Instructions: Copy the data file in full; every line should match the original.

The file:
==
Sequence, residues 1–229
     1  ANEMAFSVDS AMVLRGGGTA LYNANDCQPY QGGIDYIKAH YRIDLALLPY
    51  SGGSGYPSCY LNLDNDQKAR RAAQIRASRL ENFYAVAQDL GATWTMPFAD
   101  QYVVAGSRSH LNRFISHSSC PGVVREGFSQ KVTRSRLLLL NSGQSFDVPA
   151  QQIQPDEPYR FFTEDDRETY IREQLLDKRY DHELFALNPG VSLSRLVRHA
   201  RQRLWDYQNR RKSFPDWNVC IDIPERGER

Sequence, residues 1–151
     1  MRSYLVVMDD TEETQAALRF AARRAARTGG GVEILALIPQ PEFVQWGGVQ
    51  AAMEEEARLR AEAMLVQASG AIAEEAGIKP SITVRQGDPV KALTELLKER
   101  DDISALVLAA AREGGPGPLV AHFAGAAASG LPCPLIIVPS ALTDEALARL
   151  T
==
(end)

Sequence, residues 1–229
     1  ANEMAFSVDS AMVLRGGGTA LYNANDCQPY QGGIDYIKAH YRIDLALLPY
    51  SGGSGYPSCY LNLDNDQKAR RAAQIRASRL ENFYAVAQDL GATWTMPFAD
   101  QYVVAGSRSH LNRFISHSSC PGVVREGFSQ KVTRSRLLLL NSGQSFDVPA
   151  QQIQPDEPYR FFTEDDRETY IREQLLDKRY DHELFALNPG VSLSRLVRHA
   201  RQRLWDYQNR RKSFPDWNVC IDIPERGER

Sequence, residues 1–151
     1  MRSYLVVMDD TEETQAALRF AARRAARTGG GVEILALIPQ PEFVQWGGVQ
    51  AAMEEEARLR AEAMLVQASG AIAEEAGIKP SITVRQGDPV KALTELLKER
   101  DDISALVLAA AREGGPGPLV AHFAGAAASG LPCPLIIVPS ALTDEALARL
   151  T